If you’re displeased with leaders who have little interest in the fine and exhausting art of politics, the answer is to do it yourself and take your butt to Israel. When you get there, don’t stage media-friendly protests or schedule meetings with senior officials just to cancel them. Instead, just chat up a few folks, and you’ll soon see surprising coalitions taking shape. Here’s one: Imagine that the same people who argue so passionately about the right of all Jews to pray anywhere would extend the same universal principle to Jews wishing to pray on the Temple Mount, just a few feet away. Imagine that those who are perfectly comfortable offending the rigid sensibilities of pious Jews felt the same way about the equally rigid sensibilities of pious Muslims, and informed both that if you believe in freedom of religion, well, you believe in it everywhere and for everyone. Do that, and you wouldn’t just make a logically and morally sound argument, you’d also open up a dialogue with a large swath of religious Israelis who may support you because they would come to see you not only as a leftist social-justice warrior but as a principled person committed to grown-up politics.

And, finally, there are our words, which still matter a great deal, even if too many of us constrict ourselves to 140 characters or fewer. If you’re upset by the compromise’s collapse, speak up. Not on Facebook or Twitter—at shul and in a letter to the editor and in a phone call to your local rabbi. Tell them you’re furious at Bibi for folding so predictably under Haredi pressure. Tell them you’re also exasperated with the Reform and Conservative leaders for handling this crisis so poorly. Tell them you refuse to be held hostage by two obdurate parties, neither of which seems to offer you much of a vision for the future. Tell them we’ve tried this sort of zero-sum thinking here in America, and it hasn’t worked quite well. There’s no reason to try and replicate it when it comes to our relationship with Israel. Instead, we need a new way of thinking and talking and feeling, one that begins where the grandstanding ends.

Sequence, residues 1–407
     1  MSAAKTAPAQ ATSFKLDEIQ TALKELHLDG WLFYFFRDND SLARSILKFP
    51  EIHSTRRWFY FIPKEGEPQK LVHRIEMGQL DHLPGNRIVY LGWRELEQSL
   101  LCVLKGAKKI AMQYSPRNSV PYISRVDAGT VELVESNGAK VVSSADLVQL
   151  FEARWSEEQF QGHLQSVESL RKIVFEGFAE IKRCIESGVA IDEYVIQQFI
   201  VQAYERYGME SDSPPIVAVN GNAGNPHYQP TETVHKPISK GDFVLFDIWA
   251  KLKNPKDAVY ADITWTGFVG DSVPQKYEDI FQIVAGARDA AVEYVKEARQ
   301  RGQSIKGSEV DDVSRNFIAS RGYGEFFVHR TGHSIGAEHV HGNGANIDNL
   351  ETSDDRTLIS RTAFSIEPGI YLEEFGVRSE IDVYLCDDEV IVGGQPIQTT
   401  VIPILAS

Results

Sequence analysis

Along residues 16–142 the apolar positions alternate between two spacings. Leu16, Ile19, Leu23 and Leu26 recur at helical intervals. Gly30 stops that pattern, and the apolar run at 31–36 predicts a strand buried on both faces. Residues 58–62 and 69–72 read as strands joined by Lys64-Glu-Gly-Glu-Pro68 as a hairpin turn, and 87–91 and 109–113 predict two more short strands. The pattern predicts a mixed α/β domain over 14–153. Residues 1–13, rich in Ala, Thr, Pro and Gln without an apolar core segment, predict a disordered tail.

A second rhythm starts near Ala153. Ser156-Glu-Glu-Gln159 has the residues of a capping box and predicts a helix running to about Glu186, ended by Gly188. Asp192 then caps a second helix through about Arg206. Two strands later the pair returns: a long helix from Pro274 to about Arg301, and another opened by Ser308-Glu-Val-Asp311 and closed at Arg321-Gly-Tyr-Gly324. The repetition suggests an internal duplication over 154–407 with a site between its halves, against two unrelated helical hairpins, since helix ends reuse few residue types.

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Liel Leibovitz is editor-at-large for Tablet Magazine and a host of its weekly culture podcast Unorthodox and daily Talmud podcast Take One. He is the editor of Zionism: The Tablet Guide.